The CSR Newsletters are a freely-available resource generated as a dynamic complement to the textbook, Strategic Corporate Social Responsibility: Sustainable Value Creation.

To sign-up to receive the CSR Newsletters regularly during the fall and spring academic semesters, e-mail author David Chandler at david.chandler@ucdenver.edu


Tuesday, November 20, 2018

Strategic CSR - Finland

Here's an exercise in transparency for you. The article in the url below describes how, every year on the same day in Finland, everyone's taxable income is published:
 
"Pamplona can boast of the running of the bulls, Rio de Janeiro has Carnival, but Helsinki is alone in observing 'National Jealousy Day,' when every Finnish citizen's taxable income is made public at 8 a.m. sharp."
 
This event occurs on November 1 each year:
 
"The annual Nov. 1 data dump is the starting gun for a countrywide game of who's up and who's down. Which tousled tech entrepreneur has sold his company? Which Instagram celebrity is, in fact, broke? Which retired executive is weaseling out of his tax liabilities?"
 
In spite of the potential for social conflict, many in Finland argue that there are great benefits to exposing this information for everyone in the country:
 
"Finland is unusual, even among the Nordic states, in turning its release of personal tax data — to comply with government transparency laws — into a public ritual of comparison. Though some complain that the tradition is an invasion of privacy, most say it has helped the country resist the trend toward growing inequality that has crept across of the rest of Europe."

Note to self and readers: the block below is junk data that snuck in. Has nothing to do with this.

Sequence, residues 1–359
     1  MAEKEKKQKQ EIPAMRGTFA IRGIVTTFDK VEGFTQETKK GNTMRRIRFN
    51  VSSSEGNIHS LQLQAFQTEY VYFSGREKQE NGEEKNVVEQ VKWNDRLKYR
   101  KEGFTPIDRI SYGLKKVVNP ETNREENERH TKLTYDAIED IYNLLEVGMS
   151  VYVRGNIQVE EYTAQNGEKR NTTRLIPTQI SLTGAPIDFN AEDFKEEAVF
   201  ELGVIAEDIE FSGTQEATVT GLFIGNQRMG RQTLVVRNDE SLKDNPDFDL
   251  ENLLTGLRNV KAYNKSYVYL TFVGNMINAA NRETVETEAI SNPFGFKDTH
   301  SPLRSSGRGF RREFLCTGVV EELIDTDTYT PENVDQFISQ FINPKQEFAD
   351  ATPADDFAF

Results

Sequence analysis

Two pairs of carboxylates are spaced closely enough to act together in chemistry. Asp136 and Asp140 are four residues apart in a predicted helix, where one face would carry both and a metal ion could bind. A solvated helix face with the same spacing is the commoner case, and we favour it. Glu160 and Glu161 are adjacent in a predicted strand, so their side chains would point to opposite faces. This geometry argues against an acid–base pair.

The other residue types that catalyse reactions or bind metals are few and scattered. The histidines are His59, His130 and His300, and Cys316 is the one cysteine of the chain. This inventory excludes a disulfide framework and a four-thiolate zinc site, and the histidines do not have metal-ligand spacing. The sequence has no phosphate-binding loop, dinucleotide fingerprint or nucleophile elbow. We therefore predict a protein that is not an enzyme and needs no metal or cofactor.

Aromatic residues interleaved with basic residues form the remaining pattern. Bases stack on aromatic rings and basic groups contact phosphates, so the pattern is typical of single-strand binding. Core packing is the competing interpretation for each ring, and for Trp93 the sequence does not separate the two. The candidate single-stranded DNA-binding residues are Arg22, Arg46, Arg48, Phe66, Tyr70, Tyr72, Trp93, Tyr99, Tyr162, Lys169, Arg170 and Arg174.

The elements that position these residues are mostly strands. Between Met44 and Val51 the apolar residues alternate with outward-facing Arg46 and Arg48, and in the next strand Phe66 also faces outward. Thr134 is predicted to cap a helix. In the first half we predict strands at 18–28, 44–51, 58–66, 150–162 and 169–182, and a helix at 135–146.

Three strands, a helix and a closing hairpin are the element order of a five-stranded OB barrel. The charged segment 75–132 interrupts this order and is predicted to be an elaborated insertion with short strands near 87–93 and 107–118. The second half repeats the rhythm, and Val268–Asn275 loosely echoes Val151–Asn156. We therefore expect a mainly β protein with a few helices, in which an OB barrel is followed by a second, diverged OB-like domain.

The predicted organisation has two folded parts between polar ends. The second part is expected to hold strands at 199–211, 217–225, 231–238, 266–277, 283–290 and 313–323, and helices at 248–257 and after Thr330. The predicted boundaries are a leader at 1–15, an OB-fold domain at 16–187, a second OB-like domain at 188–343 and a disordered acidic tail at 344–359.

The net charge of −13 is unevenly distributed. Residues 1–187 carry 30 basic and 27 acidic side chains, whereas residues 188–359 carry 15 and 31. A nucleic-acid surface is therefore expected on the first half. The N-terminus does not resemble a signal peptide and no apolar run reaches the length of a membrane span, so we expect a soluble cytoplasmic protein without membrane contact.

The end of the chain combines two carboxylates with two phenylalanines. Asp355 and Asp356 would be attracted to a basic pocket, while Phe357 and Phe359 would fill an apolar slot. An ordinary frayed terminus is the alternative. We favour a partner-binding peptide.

In spite of the voyeuristic pleasure to peeking into the lives of the rich and famous, however, others point to the micro-level downsides of such a social comparison:
 
"Transparency may or may not reduce inequality, but does tend to make people less satisfied, several concluded. A study of faculty members at the University of California, where pay was made accessible online in 2008, found that lower-earning workers, after learning how their pay stacked up, were less happy in their job and more likely to look for a new one."
 
Nevertheless, in Finland, the event has become the largest media event of the year, where "Helsinki tabloids often assign up to half their editorial staff to cover the release of the data":
 
"The second-biggest news deployment of the year is for Finnish Independence Day, on December 6."
 
Happy Thanksgiving to those of you in the US.
David
 
 
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In Finland, Every Citizen's Taxable Income is Revealed
By Ellen Barry
November 2, 2018
The New York Times
Late Edition – Final
A8